How long was Bill Murray stuck in Groundhog Day?

More than 33 years according to blogger…

Ever wonder how long Bill Murray’s character was stuck in ‘Groundhog Day’ for? Well a film blog has worked it out for you: 33 years and 350 days.

[Related story: Bill Murray: 'No one recognises me']

Four days ago the town of Punxsutawney, Pennsylvania, celebrated Groundhog day – the annual celebration based around a prophetic rodent’s ability to foresee the early arrival of spring. The tradition was popularised by the 1993 film of the same name starring Bill Murray as sardonic TV weatherman Phil Connors, fated to repeat the same day in Punxsutawney over and over again.

Now, to celebrate 20 years of the iconic 1993 comedy, has worked just how long Phil Connors spent limbo. Amazingly, the torturous time equates to repeating the same day 12,395 times. Check out the blog here.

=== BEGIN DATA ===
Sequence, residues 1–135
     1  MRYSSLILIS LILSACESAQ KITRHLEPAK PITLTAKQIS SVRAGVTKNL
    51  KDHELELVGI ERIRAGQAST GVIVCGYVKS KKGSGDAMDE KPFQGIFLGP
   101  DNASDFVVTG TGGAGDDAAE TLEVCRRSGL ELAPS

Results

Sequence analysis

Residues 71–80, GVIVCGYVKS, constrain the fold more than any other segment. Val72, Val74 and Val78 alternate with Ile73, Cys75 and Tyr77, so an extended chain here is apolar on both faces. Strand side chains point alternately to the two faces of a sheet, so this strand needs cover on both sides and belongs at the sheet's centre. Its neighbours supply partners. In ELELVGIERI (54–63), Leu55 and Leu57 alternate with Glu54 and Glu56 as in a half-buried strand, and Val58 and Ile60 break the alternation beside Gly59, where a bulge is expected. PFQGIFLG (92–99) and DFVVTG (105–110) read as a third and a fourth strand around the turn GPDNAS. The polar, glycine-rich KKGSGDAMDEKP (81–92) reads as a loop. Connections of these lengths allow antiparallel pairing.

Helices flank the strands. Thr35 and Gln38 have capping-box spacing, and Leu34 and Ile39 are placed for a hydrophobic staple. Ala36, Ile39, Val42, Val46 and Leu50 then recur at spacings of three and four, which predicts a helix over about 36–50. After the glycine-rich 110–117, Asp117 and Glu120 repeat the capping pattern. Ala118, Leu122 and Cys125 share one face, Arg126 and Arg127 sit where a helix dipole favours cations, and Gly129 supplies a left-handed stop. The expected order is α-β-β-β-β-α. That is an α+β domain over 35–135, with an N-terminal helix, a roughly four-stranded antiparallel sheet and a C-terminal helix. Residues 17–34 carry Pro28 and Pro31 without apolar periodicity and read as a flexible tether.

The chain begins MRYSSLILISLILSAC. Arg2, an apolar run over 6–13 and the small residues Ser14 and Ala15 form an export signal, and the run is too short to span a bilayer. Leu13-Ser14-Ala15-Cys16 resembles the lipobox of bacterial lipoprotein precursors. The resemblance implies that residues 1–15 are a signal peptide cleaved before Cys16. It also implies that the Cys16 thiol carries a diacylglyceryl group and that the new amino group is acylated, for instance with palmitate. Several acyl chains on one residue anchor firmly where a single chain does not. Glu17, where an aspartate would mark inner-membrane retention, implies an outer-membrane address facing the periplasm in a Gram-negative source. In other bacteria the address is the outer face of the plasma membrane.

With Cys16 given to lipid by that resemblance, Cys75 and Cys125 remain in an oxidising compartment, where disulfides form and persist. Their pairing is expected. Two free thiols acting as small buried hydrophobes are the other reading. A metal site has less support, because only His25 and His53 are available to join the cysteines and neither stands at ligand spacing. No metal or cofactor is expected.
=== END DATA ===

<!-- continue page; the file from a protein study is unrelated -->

Director and fellow ‘Ghostbuster’ Harold Ramis originally stated that he thought Murray’s character had been stuck in Punxsutawney for ten years, however in 2009 he admitted the estimate was far too short.

“It takes at least 10 years to get good at anything,” said Ramis, “and allotting for the down time and misguided years he spent, it had to be more like 30 or 40 years.”

The film blogger methodically reassessed ‘Groundhog Day’ looking at three stages of the film.

These included the 38 “Days shown on screen”, the 414 “Days mentioned” (including the “six months. Four to five hours a day” spent throwing playing cards into a hat), and the colossal 11,931 "Days spent learning".

Based off the theory that it takes 10,000 hours to become an expert at anything, this third stage covered the time needed for Phil to learn French poetry, ice sculpting and the piano. All in the name of impressing his producer Rita, played by Andie MacDowell.

There’s also a final additional stage identified as the “Gesture days”, in which Murray’s character saves a falling child, performs the Heimlich Manoeuver and buys a couple of newlyweds ‘Wrestlemania’ tickets.

Dubious reasoning or perfect analysis? Let us know what you reckon…

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